Edit With Love Series
When someone asks you to read their work in progress, it is an honor. Or at least it should be. You are dipping into a very personal pool of vulnerability and depth. We cannot see how deep it goes from the surface, only when we are within it, can we scoot our toes along the sandy bottom and discover the hidden crevices and secret places where treasure is hidden. Most of us who are asked to beta read, edit, or simply read and review, are writers ourselves. Who better to understand the struggle? The pain? The splintering of self that writing often requires of us?
Well, there seems to be two schools of thought on reading, much less editing, a fellow writer’s work:
1) Coddle, support, and lift up, even if the work isn’t very good – after all, we all started somewhere and you don’t want to strike down someone who’s still learning.
2) Brutal honesty. You need a thick skin to make it in this industry and if you can’t deal with criticism from a fellow writer, how are you going to deal with agents and vicious editors?
I will argue there is a middle ground and it is one that can be found in smaller writing communities and in healthy writing critique groups. Constructive criticism is not something that is particularly lauded in our society, but some of us will have had exposure to this in college. By then it is too late for some, who have already developed a concrete idea of what “giving feedback” means.
What editing and critiquing really needs more of these days, is love.
Now hold on, I can see you bristling on the other side of this screen. I am not an advocate of the first approach I mentioned—that isn’t love, that’s fear. A fear of being called the bad guy, a fear of being responsible for hurting someone’s feelings, and a fear that you don’t actually know what you’re talking about (often true for those who haven’t been published yet) so how do you have the right to tell anyone else how to go about it?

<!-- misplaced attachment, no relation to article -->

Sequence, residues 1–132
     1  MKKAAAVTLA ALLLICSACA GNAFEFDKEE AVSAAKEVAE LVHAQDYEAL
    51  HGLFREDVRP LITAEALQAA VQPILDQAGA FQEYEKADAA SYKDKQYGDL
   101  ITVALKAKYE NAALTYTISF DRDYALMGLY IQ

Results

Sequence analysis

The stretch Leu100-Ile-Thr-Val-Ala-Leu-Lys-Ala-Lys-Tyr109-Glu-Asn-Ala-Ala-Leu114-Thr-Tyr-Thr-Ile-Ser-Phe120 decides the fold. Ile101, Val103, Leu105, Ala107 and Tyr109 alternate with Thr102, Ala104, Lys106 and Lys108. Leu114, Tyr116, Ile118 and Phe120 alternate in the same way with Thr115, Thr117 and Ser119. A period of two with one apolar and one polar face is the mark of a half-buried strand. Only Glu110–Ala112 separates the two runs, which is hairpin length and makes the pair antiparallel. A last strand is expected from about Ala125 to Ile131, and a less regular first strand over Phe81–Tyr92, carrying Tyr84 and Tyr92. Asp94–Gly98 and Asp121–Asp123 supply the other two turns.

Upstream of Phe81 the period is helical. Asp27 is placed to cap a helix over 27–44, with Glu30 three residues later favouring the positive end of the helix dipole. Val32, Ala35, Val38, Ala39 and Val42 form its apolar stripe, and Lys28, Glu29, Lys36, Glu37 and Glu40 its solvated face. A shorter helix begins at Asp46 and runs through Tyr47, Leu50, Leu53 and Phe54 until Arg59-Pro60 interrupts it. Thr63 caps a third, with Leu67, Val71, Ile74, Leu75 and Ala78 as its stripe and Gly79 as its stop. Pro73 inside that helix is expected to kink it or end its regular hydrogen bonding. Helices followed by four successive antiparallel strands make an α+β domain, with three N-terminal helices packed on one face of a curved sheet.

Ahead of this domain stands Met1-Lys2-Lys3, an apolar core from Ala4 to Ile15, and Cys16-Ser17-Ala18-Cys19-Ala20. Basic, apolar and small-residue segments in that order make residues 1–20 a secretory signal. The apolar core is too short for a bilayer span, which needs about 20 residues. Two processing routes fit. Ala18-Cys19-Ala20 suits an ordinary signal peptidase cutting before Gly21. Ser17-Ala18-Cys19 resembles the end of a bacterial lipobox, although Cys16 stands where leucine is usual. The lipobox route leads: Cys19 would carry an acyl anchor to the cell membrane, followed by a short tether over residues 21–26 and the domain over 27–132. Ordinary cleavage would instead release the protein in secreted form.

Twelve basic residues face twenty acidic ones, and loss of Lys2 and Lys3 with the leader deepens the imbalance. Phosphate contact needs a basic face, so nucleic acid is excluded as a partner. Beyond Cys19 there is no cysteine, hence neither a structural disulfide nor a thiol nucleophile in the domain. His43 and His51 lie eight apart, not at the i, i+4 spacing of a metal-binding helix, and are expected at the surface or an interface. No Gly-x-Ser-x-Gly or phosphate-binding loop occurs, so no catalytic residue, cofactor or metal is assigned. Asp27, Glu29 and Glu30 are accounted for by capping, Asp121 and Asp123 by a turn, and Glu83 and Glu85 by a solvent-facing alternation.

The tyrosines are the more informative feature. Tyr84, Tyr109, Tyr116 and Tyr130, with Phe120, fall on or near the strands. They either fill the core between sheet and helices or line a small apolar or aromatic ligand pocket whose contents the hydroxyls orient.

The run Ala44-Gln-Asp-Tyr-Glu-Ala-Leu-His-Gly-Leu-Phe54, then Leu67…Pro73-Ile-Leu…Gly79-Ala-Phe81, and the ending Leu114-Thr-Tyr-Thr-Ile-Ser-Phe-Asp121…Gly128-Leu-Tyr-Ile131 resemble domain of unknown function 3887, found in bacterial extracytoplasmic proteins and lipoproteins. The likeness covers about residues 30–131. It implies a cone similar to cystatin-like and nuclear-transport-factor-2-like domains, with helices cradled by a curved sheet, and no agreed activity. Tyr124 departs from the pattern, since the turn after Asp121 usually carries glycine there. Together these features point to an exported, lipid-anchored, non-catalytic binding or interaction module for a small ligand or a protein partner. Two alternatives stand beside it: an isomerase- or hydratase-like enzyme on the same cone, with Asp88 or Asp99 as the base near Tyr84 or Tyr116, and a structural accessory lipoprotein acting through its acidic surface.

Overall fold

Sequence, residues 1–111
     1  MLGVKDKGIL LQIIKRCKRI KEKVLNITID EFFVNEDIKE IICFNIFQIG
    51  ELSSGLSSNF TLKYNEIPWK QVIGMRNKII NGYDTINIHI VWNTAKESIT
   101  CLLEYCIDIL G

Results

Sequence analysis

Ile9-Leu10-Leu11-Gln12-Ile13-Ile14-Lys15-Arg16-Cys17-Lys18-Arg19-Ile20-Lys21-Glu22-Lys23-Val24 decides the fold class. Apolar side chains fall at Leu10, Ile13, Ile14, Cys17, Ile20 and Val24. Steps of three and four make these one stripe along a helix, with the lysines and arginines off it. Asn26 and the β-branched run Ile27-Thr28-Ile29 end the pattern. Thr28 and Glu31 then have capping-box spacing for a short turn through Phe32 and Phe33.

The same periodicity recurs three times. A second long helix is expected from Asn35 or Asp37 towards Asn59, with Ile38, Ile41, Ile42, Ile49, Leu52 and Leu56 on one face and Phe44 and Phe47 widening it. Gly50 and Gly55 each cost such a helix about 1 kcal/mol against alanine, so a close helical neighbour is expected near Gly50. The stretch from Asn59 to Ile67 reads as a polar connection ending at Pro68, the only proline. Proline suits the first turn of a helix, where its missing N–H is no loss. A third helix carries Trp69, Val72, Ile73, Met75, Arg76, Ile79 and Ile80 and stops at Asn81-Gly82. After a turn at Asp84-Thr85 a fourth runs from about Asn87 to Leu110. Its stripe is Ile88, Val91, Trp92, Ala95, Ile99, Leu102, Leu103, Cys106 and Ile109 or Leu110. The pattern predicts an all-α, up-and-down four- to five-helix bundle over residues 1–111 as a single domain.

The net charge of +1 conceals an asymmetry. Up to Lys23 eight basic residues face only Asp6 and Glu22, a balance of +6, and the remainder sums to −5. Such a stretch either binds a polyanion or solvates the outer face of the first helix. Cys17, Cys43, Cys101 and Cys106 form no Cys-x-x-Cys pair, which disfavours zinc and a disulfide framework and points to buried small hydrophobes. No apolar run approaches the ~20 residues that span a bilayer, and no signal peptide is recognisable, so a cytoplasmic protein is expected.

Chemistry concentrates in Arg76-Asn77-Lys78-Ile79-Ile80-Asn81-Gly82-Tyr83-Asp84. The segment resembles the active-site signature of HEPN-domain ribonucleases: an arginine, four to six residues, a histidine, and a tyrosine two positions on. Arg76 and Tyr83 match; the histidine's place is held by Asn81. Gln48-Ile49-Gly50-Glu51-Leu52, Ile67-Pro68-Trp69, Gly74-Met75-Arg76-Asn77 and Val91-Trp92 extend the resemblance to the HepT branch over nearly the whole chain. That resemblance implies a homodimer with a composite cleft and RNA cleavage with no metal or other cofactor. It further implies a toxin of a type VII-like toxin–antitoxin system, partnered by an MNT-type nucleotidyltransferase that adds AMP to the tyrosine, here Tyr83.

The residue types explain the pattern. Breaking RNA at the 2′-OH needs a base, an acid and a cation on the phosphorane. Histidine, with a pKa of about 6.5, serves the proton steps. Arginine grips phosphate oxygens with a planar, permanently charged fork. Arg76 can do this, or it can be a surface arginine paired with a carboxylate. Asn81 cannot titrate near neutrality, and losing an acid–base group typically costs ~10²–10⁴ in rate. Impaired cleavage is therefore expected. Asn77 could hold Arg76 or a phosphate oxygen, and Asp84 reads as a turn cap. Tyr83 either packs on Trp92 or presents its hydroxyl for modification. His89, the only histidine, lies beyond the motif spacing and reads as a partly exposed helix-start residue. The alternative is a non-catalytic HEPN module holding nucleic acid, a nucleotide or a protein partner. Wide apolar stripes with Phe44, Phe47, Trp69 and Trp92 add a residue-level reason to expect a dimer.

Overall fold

The answer is, you edit lovingly.
How do we edit with love in mind? Yes, let us remember the fledgling places we all came from and how fragile our sense of writer self was during those days. Let us remember what helped us and what hurt us – then let us remember what made us better. Everyone is different, some people do thrive on cutthroat criticism, determined to prove them wrong, but most of us thrive on a different sort, a middle place of compassion, encouragement, and suggestion. Because none of us are experts. Not even Stephen King or one of the "Big Five" Editors. No one gets a badge of “unquestionable authority.” Especially not when it comes to art.
I have some suggestions for those coming into writing communities or for those interested in how their critique skills measure up according to ME, unknown person on the internet. I will share my suggestions based upon what worked for me, and what I believe has directly contributed to my upcoming success with “Trans Liberty Riot Brigade” being published this summer.
I will do a post every week on the different elements I encourage when we “Edit with Love.”
FIRST AND FOREMOST: By reading and providing feedback, you wield great power. “With great power comes great responsibility” and this is especially true with editing. You have the power to inspire or crush, to determine whether someone continues or scraps an entire project. We want to believe that no one is so fragile, but we all have been there – those crushing moments of self-doubt that call into question everything we thought we might be good at.